[Federal Register: April 3, 1997 (Volume 62, Number 64)]
From the Federal Register Online via GPO Access [wais.access.gpo.gov]
DEPARTMENT OF HEALTH AND HUMAN SERVICES
Food and Drug Administration
[Docket No. 93N-0457]
Robert Elbert; Denial of Hearing; Final Debarment Order
AGENCY: Food and Drug Administration, HHS.
SUMMARY: The Food and Drug Administration (FDA) denies Robert Elbert's request for a hearing and issues a final order permanently debarring Robert Elbert, 15000 SW. David Lane, apt. G-61, Lake Oswego, OR 97035, from providing services in any capacity to a person that has an approved or pending drug product application. FDA bases this order on its finding that Mr. Elbert was convicted of a felony under Federal law for conduct relating to the regulation of a drug product under the Federal Food, Drug, and Cosmetic Act (the act).
EFFECTIVE DATE: April 3, 1997.
ADDRESSES: Application for termination of debarment to the Dockets Management Branch (HFA-305), Food and Drug Administration, 12420 Parklawn Dr., rm. 1-23, Rockville, MD 20857.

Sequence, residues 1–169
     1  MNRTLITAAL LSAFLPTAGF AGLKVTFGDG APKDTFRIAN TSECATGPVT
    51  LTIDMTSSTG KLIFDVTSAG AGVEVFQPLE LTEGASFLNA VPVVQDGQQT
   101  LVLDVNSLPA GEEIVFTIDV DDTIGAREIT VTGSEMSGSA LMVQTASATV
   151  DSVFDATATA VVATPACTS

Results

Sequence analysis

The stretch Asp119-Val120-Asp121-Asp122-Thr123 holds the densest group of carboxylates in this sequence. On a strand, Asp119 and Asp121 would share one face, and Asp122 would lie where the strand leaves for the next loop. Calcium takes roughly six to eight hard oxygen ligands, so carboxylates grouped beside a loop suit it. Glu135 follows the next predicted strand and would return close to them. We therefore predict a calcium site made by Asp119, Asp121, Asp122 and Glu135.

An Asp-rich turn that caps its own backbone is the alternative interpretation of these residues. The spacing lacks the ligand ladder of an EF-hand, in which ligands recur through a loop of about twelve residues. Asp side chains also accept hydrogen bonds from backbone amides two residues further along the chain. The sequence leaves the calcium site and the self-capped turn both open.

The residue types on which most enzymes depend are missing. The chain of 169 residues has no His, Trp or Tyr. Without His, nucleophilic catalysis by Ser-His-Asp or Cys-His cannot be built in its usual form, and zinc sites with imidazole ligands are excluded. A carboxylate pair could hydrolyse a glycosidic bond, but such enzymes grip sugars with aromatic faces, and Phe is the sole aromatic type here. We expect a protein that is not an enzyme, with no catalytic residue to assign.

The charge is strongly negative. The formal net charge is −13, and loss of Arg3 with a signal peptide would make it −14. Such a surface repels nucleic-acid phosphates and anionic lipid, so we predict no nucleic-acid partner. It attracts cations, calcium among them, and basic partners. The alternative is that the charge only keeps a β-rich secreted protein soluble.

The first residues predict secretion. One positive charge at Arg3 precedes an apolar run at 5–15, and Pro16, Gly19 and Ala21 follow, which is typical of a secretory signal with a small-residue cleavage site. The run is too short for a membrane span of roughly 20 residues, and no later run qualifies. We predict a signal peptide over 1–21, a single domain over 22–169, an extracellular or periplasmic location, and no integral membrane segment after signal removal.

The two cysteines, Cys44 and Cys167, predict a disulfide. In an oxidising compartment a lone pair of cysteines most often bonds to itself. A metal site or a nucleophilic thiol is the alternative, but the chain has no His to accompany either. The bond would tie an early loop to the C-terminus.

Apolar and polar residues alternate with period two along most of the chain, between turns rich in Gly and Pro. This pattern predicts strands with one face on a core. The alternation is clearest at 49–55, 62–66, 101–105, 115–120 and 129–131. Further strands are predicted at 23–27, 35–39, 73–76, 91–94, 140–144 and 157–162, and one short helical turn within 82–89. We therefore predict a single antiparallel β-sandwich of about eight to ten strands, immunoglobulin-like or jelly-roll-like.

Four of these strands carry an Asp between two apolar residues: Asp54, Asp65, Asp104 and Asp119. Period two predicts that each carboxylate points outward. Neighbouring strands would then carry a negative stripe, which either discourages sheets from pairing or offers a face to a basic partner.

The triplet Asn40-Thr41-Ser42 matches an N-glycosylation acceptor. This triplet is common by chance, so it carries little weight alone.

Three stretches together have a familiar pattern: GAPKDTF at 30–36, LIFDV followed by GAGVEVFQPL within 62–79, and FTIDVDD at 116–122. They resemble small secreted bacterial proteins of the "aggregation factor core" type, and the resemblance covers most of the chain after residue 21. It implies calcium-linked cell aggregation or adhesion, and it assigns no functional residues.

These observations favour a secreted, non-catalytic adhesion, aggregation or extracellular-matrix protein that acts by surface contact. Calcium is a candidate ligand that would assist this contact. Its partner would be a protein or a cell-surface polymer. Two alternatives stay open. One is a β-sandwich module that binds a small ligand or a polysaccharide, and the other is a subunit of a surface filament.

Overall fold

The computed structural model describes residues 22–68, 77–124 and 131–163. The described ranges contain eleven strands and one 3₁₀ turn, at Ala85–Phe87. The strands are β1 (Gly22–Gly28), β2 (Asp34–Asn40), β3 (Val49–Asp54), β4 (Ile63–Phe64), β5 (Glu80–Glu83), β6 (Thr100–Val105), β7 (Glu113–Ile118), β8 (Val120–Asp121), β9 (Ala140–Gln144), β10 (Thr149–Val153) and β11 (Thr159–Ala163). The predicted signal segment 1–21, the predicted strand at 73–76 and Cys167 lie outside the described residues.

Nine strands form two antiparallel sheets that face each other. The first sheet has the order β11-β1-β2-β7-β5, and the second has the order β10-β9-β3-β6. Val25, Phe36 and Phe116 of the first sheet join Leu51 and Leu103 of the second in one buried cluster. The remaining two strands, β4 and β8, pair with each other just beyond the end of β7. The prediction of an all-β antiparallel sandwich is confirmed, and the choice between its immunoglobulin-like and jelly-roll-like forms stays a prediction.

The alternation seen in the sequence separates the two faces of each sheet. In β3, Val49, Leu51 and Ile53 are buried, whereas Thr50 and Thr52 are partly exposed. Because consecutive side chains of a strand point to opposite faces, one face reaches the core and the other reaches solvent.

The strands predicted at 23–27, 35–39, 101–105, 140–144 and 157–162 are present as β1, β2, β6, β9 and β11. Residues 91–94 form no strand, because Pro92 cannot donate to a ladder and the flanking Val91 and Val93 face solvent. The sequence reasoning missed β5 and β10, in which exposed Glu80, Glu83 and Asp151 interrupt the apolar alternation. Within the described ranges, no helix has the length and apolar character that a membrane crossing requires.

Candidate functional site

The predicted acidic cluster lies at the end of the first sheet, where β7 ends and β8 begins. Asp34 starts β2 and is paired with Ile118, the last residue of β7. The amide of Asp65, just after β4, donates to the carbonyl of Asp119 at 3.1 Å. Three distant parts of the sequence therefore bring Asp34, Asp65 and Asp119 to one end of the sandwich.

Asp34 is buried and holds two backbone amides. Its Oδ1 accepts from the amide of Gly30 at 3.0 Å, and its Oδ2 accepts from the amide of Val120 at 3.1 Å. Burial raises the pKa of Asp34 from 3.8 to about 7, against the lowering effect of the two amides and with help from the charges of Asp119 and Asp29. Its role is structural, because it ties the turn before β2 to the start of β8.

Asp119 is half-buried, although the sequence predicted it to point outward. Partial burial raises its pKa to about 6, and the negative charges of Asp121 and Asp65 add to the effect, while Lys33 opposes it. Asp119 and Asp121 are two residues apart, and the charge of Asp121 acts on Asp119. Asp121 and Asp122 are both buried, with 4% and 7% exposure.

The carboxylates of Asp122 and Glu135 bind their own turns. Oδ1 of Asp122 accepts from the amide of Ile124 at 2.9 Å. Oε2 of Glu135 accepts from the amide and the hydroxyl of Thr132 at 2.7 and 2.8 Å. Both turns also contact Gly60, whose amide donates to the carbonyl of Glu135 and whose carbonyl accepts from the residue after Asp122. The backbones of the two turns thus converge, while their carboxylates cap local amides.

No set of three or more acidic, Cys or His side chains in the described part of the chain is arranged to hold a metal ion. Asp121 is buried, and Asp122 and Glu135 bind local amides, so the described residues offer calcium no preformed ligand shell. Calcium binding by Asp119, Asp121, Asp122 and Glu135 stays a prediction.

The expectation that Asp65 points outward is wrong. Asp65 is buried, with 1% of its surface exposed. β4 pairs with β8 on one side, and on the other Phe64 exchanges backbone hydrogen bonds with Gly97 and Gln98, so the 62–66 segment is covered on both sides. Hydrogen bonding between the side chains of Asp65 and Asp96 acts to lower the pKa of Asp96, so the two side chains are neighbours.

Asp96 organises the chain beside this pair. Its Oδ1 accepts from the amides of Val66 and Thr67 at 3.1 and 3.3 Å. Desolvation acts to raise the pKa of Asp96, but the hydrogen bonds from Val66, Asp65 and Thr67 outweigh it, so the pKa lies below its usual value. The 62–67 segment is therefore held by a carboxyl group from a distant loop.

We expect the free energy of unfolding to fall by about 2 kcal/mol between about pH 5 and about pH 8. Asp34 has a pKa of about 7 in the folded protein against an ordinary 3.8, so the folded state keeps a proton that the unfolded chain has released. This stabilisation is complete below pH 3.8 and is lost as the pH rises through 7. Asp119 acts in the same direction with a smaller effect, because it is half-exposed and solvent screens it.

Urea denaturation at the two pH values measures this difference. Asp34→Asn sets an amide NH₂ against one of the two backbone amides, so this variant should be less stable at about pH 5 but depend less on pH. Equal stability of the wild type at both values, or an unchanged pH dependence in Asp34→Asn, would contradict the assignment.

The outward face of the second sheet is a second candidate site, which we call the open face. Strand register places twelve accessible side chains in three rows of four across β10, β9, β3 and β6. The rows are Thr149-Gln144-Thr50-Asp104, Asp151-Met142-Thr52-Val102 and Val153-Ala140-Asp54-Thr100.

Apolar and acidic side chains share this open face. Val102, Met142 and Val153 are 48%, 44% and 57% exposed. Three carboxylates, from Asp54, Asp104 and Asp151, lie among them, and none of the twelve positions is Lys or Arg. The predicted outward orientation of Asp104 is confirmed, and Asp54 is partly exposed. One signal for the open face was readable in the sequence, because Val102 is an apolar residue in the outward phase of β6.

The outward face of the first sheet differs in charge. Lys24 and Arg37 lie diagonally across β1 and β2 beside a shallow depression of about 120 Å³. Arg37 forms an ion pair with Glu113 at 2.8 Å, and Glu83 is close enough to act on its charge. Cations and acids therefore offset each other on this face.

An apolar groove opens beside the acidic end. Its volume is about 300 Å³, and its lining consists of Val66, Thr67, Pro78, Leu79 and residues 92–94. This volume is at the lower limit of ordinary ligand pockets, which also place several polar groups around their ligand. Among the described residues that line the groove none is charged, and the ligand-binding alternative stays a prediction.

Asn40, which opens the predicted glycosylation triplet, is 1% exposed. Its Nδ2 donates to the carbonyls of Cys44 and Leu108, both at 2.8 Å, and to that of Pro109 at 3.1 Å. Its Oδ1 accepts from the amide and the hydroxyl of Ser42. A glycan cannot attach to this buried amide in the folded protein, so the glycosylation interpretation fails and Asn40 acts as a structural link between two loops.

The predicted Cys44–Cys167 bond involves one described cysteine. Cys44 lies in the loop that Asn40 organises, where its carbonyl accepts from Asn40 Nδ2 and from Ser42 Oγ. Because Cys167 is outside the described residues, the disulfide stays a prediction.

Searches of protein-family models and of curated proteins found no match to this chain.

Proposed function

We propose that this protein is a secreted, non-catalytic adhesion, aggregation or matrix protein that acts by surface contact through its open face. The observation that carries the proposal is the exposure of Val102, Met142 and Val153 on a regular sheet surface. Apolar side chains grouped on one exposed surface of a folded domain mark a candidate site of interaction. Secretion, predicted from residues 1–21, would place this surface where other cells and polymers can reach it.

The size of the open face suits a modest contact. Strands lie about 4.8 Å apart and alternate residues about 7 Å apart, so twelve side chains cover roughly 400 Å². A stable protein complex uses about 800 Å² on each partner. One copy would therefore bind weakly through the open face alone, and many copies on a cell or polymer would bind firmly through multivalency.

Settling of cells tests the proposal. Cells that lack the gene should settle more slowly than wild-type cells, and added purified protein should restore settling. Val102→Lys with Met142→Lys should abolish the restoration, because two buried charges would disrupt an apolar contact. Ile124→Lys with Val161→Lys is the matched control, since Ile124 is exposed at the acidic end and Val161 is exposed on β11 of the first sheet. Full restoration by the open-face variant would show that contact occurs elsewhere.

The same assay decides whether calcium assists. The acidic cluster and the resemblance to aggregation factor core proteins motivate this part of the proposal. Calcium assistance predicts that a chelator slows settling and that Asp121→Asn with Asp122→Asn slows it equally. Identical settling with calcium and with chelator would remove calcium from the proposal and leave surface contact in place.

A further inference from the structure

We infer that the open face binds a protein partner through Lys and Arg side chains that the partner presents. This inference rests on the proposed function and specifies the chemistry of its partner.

FOR FURTHER INFORMATION CONTACT: Mary E. Catchings, Center for Drug Evaluation and Research (HFD-7), Food and Drug Administration, 7500 Standish Pl., Rockville, MD 20855, 301-594-2041.
- Mr. Elbert's Arguments in Support of a Hearing
- Ex Post Facto Argument
- Due Process and Equal Protection Arguments
- Findings and Order
On December 12, 1991, the United States District Court for the District of Oregon entered judgment against Mr. Robert Elbert, doing business as Thrifty Drug Store, under a plea of guilty, for one count of knowingly selling, purchasing, and trading drug samples, a Federal felony offense under sections 301(t) of the act (21 U.S.C. 331(t)), 303(b)(1) of the act (21 U.S.C. 333(b)(1)), and 503(c)(1) of the act (21 U.S.C. 353(c)(1)).
In a certified letter received by Mr. Elbert on September 14, 1994, the then-Acting Deputy Commissioner for Operations offered Mr. Elbert an opportunity for a hearing on the agency's proposal to issue an order under section 306(a) of the act (21 U.S.C. 335a(a)) debarring him from providing services in any capacity to a person that has an approved or pending drug product application. FDA based the proposal to debar Mr. Elbert on its finding that he had been convicted of a felony under Federal law for conduct relating to the regulation of a drug product.